EDREMIT (A.W.)—A Turkish government-appointed trustee of Van’s Edremit Municipality has built toilets in a historic Armenian cemetery in the vicinity of a new public beach, reports indicate.
Turkey-based T24 news reported that the bones from the cemetery were scattered after a public beach was installed on the site. The site at which historic artifacts dating to 3000 B.C. have been found, according to the report, is said to be damaged by the new construction. A total of 24 graves were discovered in the area once heavily settled by Armenians.
The beach was opened on July 23 by Van trustee Murat Zorluoğlu and Edremit Municipality trustee Atıf Çiçekli, who were both appointed by government as part of an ongoing crackdown against Kurdish politicians.
Edremit is a district of Van Province of Turkey and is situated on the coast of the Lake Van, 18 kilometers (approx. 11 miles) from the city of Van. The current name of Edremit originates from Armenian name of Artamet, which literally means “Near the Fields” in Armenian, as it lies near the fields of grape and apple trees at the coastline of Lake Van.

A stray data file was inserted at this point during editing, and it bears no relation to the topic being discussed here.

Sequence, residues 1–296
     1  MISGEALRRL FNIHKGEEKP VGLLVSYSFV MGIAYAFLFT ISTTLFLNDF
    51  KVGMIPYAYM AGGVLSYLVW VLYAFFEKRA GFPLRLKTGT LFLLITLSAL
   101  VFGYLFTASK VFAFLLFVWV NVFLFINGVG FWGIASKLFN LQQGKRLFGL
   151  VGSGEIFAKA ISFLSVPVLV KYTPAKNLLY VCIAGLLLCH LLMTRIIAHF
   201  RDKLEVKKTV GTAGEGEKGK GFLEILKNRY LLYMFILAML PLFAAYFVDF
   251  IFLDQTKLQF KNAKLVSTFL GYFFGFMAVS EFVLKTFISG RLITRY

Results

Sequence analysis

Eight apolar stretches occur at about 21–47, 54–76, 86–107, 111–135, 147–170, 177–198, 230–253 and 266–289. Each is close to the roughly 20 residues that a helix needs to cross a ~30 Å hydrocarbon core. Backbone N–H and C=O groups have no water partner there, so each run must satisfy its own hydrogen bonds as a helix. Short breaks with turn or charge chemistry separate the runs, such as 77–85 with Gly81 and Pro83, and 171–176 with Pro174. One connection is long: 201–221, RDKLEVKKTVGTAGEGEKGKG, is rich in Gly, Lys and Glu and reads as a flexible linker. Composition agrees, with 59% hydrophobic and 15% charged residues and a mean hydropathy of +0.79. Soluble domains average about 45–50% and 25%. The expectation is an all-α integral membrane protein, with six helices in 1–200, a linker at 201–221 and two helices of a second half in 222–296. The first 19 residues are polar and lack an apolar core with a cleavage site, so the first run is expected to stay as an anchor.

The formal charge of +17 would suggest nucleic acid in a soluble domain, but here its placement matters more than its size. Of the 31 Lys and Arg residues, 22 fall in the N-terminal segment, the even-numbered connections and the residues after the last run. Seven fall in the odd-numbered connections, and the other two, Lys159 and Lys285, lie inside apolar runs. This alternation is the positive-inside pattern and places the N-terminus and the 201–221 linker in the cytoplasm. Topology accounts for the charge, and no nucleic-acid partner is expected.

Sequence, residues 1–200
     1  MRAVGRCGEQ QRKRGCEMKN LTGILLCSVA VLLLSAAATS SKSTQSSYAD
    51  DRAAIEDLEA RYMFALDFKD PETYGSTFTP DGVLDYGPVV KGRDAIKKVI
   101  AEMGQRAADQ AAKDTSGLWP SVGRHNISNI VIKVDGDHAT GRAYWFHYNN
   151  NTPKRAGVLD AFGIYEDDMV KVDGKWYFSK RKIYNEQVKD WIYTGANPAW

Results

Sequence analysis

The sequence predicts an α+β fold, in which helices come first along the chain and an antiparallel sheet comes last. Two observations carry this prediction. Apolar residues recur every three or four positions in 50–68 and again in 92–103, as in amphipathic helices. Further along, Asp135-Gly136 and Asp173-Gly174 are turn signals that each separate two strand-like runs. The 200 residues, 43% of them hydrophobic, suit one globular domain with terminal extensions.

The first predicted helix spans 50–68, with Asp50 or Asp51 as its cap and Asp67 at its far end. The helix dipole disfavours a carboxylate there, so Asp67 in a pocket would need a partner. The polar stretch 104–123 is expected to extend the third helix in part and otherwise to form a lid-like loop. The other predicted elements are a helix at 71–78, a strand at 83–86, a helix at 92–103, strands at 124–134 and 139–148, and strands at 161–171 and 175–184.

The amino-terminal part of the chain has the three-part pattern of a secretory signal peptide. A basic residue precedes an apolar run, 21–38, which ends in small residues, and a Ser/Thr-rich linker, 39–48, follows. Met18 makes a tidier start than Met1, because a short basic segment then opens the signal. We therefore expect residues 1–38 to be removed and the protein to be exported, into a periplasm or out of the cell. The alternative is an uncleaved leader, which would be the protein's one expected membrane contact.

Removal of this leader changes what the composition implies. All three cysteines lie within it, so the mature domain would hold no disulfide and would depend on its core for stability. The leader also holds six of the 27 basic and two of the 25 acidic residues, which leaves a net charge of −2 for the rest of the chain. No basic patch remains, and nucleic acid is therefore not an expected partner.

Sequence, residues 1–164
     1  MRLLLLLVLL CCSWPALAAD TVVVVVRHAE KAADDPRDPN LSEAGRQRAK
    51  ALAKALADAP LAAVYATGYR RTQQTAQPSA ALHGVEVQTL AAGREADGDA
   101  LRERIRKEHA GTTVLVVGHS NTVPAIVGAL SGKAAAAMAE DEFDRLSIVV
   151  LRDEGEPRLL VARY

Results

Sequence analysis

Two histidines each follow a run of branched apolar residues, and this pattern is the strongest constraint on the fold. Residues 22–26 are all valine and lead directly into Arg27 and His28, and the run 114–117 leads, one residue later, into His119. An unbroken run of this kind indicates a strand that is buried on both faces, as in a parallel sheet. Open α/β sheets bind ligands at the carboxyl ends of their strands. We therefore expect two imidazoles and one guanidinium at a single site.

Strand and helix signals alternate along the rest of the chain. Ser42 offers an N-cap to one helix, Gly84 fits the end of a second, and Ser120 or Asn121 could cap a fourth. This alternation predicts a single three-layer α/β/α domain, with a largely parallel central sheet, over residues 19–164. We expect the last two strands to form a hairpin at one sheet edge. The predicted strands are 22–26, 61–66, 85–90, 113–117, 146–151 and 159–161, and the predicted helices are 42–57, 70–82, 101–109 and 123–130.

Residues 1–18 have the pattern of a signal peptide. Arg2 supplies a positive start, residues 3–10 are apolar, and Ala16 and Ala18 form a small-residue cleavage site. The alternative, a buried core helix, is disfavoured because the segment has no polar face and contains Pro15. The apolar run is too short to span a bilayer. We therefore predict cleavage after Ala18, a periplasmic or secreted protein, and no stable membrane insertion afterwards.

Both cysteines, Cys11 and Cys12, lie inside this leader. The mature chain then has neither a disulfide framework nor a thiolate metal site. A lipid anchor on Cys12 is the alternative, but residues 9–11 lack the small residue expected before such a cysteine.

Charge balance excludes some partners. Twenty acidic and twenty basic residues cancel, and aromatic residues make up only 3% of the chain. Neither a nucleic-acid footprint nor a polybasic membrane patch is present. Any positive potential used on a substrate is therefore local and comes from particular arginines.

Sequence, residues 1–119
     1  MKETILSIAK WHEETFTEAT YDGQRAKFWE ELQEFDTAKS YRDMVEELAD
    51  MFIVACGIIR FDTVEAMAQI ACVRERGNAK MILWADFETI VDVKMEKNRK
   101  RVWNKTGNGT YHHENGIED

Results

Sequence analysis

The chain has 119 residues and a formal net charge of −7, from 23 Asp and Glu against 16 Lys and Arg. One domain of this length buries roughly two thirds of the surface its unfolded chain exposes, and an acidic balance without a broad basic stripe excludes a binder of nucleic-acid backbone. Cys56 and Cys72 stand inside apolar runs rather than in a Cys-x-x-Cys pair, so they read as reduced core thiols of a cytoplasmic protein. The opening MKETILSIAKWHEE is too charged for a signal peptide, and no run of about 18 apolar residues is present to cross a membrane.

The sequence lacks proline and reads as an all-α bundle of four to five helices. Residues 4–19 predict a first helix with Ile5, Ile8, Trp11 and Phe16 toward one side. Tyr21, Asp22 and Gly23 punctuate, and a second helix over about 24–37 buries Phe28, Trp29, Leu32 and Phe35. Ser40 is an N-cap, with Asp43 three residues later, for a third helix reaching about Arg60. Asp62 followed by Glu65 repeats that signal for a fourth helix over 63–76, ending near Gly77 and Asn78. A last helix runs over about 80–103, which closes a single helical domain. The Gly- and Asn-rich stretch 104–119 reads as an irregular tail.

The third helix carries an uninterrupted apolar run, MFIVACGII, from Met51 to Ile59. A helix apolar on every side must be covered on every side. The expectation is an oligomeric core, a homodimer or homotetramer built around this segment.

Artamet was founded as a small town at the shores of Lake Van in Tosp district of Vaspurakan province, in the middle of Historic Armenia. Throughout history, the city has had various names: Artemida, Zard, Artashessyan, Avan, Artavanyan, and Edremit. In the 10th century, Artamet was known as a feudal city with a population of 12,000. It was renowned for growing the best apples in Armenia.
At the beginning of the 19th century, Artamet boasted approximately 500 households, 435 of which were Armenian. After the first Hamidian Massacres of 1894–1896, the Turkish population grew and Turks soon outnumbered the Armenians.
Prior of the Armenian Genocide, Artamet had 10 Armenian churches and a Greek church. Armenians, Greeks, Assyrians, and other local Christians were almost entirely killed or driven out between 1915 and 1923. After their legal owners were massacred, thousands of historical monuments were annihilated as well.
In recent months, Turkey has stepped up political pressure on Kurdish politicians. The government of President Recep Tayyip Erdogan has appointed trustees who are loyal to him to head dozens of municipalities after Turkish authorities arrested at least 74 co-mayors and 12 Parliament deputies from the pro-Kurdish Peoples’ Democratic Party (HDP) over the past year.